Inspiring a New Generation of Park Rangers

College students with a desire to be national park rangers learn about the job at Teton National Park.
The national park service academy is a week long course designed to showcase what a park ranger really does.
National Park Interpreter Millie Jimenez said “this week is the national park service academy week, we bring 20 students across the country and give them an immersive experience so they go through the week learning about the national park service opportunities, units, jobs, the whole entire spectrum.”
Academy student Alejandro Cruz said “I eventually want to end up working for the national park service so getting an opportunity like this is a great foundation and provides a good stepping stone to get into that line of work.”
The academy started when national park officials realized they needed more diversity amongst park rangers.
Jimenez stated “we are getting the young students, the millennials, a really good representation of the united states because we need those future stewards and advocates and leaders for the park service. If we want the park service to get to 200 years, those people are going to be the important people.”
Cruz mentioned “to see that the national park is recognizing that and wants to move in a direction where each group is represented fairly and equally is an empowering and good thing they’re working on and towards.”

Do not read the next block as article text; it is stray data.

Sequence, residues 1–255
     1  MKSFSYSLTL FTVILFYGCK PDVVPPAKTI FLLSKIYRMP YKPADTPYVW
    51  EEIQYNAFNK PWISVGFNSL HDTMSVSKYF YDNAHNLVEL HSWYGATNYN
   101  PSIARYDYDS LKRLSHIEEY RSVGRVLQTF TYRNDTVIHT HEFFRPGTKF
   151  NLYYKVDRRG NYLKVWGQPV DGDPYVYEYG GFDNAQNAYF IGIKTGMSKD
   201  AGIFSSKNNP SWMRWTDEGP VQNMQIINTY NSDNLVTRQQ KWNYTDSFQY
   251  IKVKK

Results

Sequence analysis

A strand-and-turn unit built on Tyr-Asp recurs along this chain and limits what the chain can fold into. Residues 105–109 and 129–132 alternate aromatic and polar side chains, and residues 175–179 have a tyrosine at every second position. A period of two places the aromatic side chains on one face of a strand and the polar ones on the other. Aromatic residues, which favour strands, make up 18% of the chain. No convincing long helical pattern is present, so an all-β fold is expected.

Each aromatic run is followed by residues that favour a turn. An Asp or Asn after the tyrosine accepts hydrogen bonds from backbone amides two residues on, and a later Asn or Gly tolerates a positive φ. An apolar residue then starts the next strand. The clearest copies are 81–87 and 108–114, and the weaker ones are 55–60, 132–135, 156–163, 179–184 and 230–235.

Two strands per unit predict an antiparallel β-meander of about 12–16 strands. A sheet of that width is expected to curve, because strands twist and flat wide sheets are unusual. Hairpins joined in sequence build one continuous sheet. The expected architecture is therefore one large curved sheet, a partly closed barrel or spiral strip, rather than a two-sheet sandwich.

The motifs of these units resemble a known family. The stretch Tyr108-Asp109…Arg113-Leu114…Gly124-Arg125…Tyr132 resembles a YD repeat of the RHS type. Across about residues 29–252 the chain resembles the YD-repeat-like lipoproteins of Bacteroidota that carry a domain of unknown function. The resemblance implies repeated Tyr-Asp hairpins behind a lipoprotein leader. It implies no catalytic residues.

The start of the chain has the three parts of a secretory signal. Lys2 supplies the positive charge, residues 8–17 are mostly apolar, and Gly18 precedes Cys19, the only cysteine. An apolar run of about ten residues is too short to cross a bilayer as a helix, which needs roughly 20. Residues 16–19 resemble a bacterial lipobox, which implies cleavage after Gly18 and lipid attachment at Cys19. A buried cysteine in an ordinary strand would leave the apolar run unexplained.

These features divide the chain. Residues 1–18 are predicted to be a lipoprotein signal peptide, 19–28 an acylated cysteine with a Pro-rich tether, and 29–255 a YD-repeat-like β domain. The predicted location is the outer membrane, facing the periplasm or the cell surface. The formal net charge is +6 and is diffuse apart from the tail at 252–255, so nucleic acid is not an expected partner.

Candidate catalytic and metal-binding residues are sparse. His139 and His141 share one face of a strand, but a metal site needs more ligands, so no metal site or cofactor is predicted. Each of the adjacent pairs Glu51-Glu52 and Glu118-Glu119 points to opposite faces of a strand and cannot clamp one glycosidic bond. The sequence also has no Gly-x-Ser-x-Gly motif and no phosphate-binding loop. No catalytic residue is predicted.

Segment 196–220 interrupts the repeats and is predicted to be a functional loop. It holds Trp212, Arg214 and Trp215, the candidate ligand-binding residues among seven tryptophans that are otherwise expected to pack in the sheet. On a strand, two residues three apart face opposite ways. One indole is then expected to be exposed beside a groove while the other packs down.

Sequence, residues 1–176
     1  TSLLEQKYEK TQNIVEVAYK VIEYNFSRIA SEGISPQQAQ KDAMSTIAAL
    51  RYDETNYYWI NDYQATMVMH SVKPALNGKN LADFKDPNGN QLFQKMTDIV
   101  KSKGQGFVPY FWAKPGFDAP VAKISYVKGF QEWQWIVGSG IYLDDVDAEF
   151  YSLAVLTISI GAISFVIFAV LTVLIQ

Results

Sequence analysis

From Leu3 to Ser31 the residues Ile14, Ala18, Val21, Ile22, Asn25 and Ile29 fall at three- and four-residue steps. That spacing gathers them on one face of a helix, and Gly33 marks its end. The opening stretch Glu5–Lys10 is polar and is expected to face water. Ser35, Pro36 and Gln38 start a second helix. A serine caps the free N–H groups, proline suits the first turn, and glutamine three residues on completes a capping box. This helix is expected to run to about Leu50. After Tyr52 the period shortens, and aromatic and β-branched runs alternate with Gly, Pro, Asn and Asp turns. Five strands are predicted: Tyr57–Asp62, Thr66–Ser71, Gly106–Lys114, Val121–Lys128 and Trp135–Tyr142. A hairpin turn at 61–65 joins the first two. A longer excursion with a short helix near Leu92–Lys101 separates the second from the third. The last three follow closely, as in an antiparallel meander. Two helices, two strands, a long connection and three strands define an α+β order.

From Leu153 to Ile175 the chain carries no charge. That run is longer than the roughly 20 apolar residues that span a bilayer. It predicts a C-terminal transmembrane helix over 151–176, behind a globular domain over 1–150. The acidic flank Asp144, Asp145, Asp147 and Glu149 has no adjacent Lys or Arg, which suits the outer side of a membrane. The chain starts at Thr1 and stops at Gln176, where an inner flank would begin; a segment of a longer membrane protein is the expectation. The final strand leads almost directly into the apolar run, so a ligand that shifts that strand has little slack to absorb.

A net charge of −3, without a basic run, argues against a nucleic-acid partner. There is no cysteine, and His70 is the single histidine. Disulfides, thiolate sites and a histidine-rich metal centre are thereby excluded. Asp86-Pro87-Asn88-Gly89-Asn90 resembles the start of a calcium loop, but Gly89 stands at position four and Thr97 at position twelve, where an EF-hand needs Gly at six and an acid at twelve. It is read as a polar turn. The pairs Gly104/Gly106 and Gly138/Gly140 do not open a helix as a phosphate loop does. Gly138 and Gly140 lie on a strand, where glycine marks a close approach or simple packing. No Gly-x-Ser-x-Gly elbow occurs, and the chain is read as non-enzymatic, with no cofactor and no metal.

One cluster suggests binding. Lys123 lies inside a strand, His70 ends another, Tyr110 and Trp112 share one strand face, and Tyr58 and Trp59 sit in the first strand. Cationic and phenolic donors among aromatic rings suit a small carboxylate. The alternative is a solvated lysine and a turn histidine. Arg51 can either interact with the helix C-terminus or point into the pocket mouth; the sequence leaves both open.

Thursday’s lesson gave students the inside look at search and rescue operations.
Academy Alumni Jasmin-Marie Jones said “you don’t realize how often the people have to go out and help other people because they get in silly situations and from my personal experience one of the rangers here actually inspired me to go out and get my wilderness EMT so I could help make people more comfortable in their public lands.”
All academy students will get internships this summer at different parks across the country.
Jones mentioned “my internship I was actually a cave guide, Timpanogos cave national monument, something I never would have thought in a million years I’d get to do.”
Over twenty students take part every year.
Students are recruited by national park staff from historically black, latino or tribal colleges country-wide.



 
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